Runed Stalactite. Now this is good. It's cheap to play and easily equipped, and you'll be happy to turn your Kithkin into Giants, Soldiers, or Rebels, depending on the style of deck you're playing. Does this stack up well against other available equipment, including Loxodon Warhammer? Depending on your build, yes, it might!
Shields of Velis Vel. Combat tricks like this just aren't usually terrific. One of your Kithkin might get +1/+2 and first strike, and one of your Giants might get +1/+2 thanks to Wizened Cenn. For sheer reliability though, you're probably better off with Surge of Thoughtweft, below.
Surge of Thoughtweft. Like Shields of Velis Vel, except you get an extra power pump, and often it'll be a cantrip. I'm not sure this is better than a permanent +1/+1 effect (Wizened Cenn, Celestial Crusader, Glorious Anthem), but I'm definitely willing to test it out before dismissing it!
Crib Swap. I'm a big fan of Crib Swap... in other decks. This deck wants to just outright remove blockers so it can keep swinging with smallisher creatures. Crib Swap leaves the opponent with a blocking creature—and very few of the Kithkin naturally have evasion. That one-turn road bump can spell the difference between winning and losing. I'd play Crib Swap in a control deck where I need to make a large threat into a more manageable one, but aggro decks have better options for removal.
Oblivion Ring. Such as Oblivion Ring. With few enchantment removing spells being main-decked (goodbye Mortify!), Oblivion Ring is the heir apparent to Faith's Fetters, except at a mana cheaper and without the life gain. Still, that one mana makes a huge difference to a weenie deck, and I expect to see a ton of play out of Oblivion Ring in most decks that run white over the next two years. Oblivion Ring is also the card that I was waiting to use in The Joke's On You, which I'll be revisiting within the next few weeks.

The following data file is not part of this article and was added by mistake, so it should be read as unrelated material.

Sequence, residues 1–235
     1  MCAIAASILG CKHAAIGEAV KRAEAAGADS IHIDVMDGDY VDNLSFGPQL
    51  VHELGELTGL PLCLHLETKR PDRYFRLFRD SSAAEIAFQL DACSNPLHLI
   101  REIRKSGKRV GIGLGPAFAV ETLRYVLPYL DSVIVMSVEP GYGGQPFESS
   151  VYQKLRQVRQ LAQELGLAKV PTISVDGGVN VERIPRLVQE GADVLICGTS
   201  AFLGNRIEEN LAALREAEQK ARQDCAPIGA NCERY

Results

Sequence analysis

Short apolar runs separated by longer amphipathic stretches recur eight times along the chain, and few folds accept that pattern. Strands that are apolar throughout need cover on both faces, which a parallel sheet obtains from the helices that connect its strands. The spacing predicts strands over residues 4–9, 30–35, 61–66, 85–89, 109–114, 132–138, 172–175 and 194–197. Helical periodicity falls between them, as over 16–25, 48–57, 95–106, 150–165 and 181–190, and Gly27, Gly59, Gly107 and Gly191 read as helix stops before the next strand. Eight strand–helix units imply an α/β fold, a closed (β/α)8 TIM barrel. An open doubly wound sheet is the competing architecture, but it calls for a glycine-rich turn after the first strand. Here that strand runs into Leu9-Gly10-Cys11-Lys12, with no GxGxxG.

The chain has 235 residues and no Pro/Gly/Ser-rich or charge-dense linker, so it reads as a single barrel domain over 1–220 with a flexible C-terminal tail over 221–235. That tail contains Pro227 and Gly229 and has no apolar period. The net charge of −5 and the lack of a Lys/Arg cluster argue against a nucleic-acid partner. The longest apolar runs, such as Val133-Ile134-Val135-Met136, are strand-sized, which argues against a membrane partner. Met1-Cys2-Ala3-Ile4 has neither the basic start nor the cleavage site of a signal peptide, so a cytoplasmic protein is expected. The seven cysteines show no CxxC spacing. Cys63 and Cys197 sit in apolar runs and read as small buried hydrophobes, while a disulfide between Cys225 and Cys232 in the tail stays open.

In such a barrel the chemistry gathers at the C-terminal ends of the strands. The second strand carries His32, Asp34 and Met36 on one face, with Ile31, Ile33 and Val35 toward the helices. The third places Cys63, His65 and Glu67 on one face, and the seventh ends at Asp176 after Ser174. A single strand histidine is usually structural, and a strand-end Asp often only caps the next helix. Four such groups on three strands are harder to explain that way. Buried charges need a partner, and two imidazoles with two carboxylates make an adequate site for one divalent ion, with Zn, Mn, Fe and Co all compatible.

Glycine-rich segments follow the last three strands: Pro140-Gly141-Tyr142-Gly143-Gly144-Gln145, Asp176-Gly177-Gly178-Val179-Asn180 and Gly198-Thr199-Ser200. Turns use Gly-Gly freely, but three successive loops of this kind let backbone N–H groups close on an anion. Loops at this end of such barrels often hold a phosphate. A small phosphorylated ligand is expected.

Themes to Develop
Kithkin are definitely oriented to be the beatdown deck, and I see four ways to evolve this precon: As a straight Kithkin deck, as a Soldier Deck, as a Kithkin / Giants hybrid, and as a Rebels deck. If we focus on Giants, this deck will likely shift to white-red. If we focus on Rebels, white-black. Both Soldiers and a straight Kithkin theme are most likely mono-white. Keep in mind, just because we're focusing on one doesn't mean we can't include cards from another theme (for instance, having Cloudgoat Ranger in a primarily Kithkin or Soldiers deck), but most of these sub-themes would be minor at best. Let's explore the possibilities of cards from outside of the Kithkin Militia theme deck that might help evolve the deck in a certain direction.
THE KITHKIN THEME
Kithkin to Consider
Burrenton Forge-Tender. (Lorwyn uncommon) Another one-drop Kithkin, and one that can frustrate red decks to no end.
Mirror Entity. (Lorwyn rare) A way to make all of your Kithkin larger, plus it counts as a Kithkin itself.
THE SOLDIER THEME
Soldiers to Consider
Aven Cloudchaser. (Tenth Edition common) Enchantment removal if you really need enchantment removal in a creature.
Aven Riftwatcher. (Planar Chaos common) Also good for the Rebel deck, below. This helps you win the damage race (4 points in the air, 4 points of life gain, one turn of early blocking).
Benalish Commander. (Planar Chaos rare) Puts soldiers into play each turn, but is a bit expensive to do so. If you're going for a swarm strategy, mass removal be damned, Benalish Commander has the potential to be huge. If your other soldiers die, so does he. Probably won't make a cut, but it is worth remembering that this guy exists.
Even the Odds. (Future Sight uncommon) If you're willing to wait for your opponent to get ahead of you on the creature count, this is a way to dump multiple soldiers onto the board at once. Might not be great in conjunction with the early-drop Kithkin though.
Field Marshal. (Coldsnap and Tenth Edition rare) This is the Soldier lord, much like Wizened Cenn is the Kithkin lord. Seeing as how many Kithkins are Soldiers, is it worth it to run eight lords that are also creatures? Maybe!
Icatian Javelineers. (Time Spiral timeshifted) A great one-drop Soldier, since it gives white an early removal option.
Jötun Grunt. (Coldsnap uncommon) A big ol' Soldier who also happens to be a big ol' Giant. I don't know how easily you'll be able to pay his upkeep cost, but it's definitely a boon that white has a huge early-drop Giant that is also a Soldier.
Kinsbaile Skirmisher. (Lorwyn common) A small combat boost to your other creatures, but might be enough to push a creature through against other 2/2 or 3/3 creatures.
Loyal Sentry. (Tenth Edition rare) Blocks and kills anything, but do you really want to be playing defense?